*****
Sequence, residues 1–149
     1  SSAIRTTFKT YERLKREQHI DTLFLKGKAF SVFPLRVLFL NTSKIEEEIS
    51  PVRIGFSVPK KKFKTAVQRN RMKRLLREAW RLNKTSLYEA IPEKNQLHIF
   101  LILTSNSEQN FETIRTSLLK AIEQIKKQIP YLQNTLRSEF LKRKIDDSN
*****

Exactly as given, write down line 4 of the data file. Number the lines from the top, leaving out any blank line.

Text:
   101  LILTSNSEQN FETIRTSLLK AIEQIKKQIP YLQNTLRSEF LKRKIDDSN